Game birds on the wing, in a way we’ll never see again.
[by Brooke Chilvers]
THE MOST SENIOR OF OUR FAVORITE sporting artists are inevitably slipping away, taking with them their deeply personal interpretation of North American game in its native environments. Most of these artists’ lifestyles fueled their vision to an extent that no outdoorsman painter could repeat today. What happens when those blessed with extended lifespans, such as waterfowl artist Harry Adamson (born 1916)—a self-confessed non-hunter who nevertheless studied 116 species of ducks and geese in the field—are gone? We’re likely condemned to some form of digitally spawned wildlife art in inadvertent tribute to authentic masters, one of them being David Hagerbaumer, who passed away last year.
Hagerbaumer was born in 1921 and grew up during the Great Depression on his father’s 40-acre farm 10 miles from both Quincy, Illinois, and Hannibal, Missouri. A Huck Finn of a boy, he ventured afield with rod and shotgun in a manner now extinct, exploring the sloughs, creeks, and cottonwood forests of this wild stretch of the Mississippi River.
Hunting with his father, uncles, and grandfather (who carved mallard and pintail decoys from solid cedar), he shot his first quarry, a mallard drake, by age eight. By 1932 he was caring for his father’s hunting shack on the banks of a major Mississippi chute, hunting over live English call ducks, and spent the next decade fishing, trapping, and shotgunning waterfowl, putting food on the family table. In the late 1930s he, too, took up the tools of the decoy carver.
The day after Christmas 1942, Hagerbaumer enlisted and spent four years on active duty in the Pacific, much of it on Midway Island. After being discharged in 1946, he and his cousin started Custom-Bilt Decoys in San Diego. Working with high-density balsa, redwood, or red cedar, they turned out pintails, mallards, canvasbacks, a few wigeon, brant, and Canada geese at $3 apiece. Hagerbaumer expert and author John Orrelle notes that all decoys were rubber-stamped with the company logo, and that the keels were of the same style and weighted. While his cousin lathed the bodies, Hagerbaumer carved the heads, and together they turned out 18 to 20 dozen decoys a week. When the shop burned down a year later, however, they simply went out of business. (Starting around 1990, Hagerbaumer relaunched his line of decoys, now made from high-density cork.)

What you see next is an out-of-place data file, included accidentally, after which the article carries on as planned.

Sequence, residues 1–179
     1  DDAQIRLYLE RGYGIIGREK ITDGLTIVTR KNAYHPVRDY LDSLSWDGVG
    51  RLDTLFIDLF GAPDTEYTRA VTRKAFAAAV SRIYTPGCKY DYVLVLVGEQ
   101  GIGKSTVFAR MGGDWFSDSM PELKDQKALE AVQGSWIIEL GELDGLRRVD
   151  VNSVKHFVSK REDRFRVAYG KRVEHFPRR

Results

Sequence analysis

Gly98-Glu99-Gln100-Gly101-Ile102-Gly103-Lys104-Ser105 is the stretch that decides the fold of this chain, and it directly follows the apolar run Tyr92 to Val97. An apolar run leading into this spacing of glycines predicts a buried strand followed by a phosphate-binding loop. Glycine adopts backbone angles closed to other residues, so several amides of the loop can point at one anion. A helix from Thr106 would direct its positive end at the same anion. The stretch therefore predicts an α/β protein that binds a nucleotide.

Subsequently, he worked as a staff artist and assistant ornithologist/taxidermist at the Carson City Museum, and studied for a spell at San Diego State, but never graduated. In 1951, Hagerbaumer was recalled to service in the Korean War, where the 30-year-old’s talents were used to draw maps and propaganda posters. Later, he was curator of ornithology at Nevada State Museum, then staff artist for the Santa Barbara Museum of Natural History, ultimately evolving into a full-time artist.
Always pursuing game birds with a shotgun or camera, always sketching from life their form and substance in every possible attitude and making studies from motion pictures of bird flight patterns, Hagerbaumer churned out watercolors at a Germanic rhythm. He was equally confident with the diamond-point tool used to incise copperplates for his soft-edged drypoints and numerous etchings.
On weekends he sold his artwork in San Diego’s Balboa Park, until Ralph Terrill, founder of the New York gallery Crossroads of Sport, took him on. Their 1956 catalogue, featuring four Hagerbaumer watercolors with accompanying limited-edition prints by Frost & Reed of England, launched his national career. These sold out, as did the following year’s waterfowl series and so on for decades, until the collectibles industry drowned itself in print runs of up to 2,000. They also offered his hand-painted ceramics of quail, woodcock, chukar, green-winged teal, grouse, snipe, and mourning dove, which are now extremely rare.
With an endless and ongoing supply of mental images to draw upon, Hagerbaumer estimated he’d produced 2,500 to 3,500 works, generating one new piece a day for long stretches. This was achievable because of his preference for fast-drying watercolors over slow, smelly oil paints. In fact, his few oils are clumsy and ungifted.